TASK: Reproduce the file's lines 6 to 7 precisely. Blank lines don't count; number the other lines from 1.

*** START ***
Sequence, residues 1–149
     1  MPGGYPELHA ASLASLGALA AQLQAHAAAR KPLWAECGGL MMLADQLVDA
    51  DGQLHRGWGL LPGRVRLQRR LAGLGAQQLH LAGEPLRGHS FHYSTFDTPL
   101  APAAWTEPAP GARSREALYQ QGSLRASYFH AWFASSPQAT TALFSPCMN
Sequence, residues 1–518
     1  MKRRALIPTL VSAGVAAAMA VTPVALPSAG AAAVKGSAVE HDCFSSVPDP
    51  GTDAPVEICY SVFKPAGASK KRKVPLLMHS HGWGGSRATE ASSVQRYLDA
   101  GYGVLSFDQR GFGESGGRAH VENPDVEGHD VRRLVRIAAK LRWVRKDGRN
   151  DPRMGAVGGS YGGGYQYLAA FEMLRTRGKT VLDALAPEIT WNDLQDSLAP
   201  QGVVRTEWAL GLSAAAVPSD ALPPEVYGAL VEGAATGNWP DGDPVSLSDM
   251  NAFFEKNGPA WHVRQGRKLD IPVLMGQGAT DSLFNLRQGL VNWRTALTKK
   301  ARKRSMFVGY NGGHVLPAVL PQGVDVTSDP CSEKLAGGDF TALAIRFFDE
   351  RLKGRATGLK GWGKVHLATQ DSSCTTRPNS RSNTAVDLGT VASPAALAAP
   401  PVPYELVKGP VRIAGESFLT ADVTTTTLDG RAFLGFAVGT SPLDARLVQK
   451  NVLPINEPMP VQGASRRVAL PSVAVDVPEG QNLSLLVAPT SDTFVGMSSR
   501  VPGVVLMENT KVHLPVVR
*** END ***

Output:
     1  MKRRALIPTL VSAGVAAAMA VTPVALPSAG AAAVKGSAVE HDCFSSVPDP
    51  GTDAPVEICY SVFKPAGASK KRKVPLLMHS HGWGGSRATE ASSVQRYLDA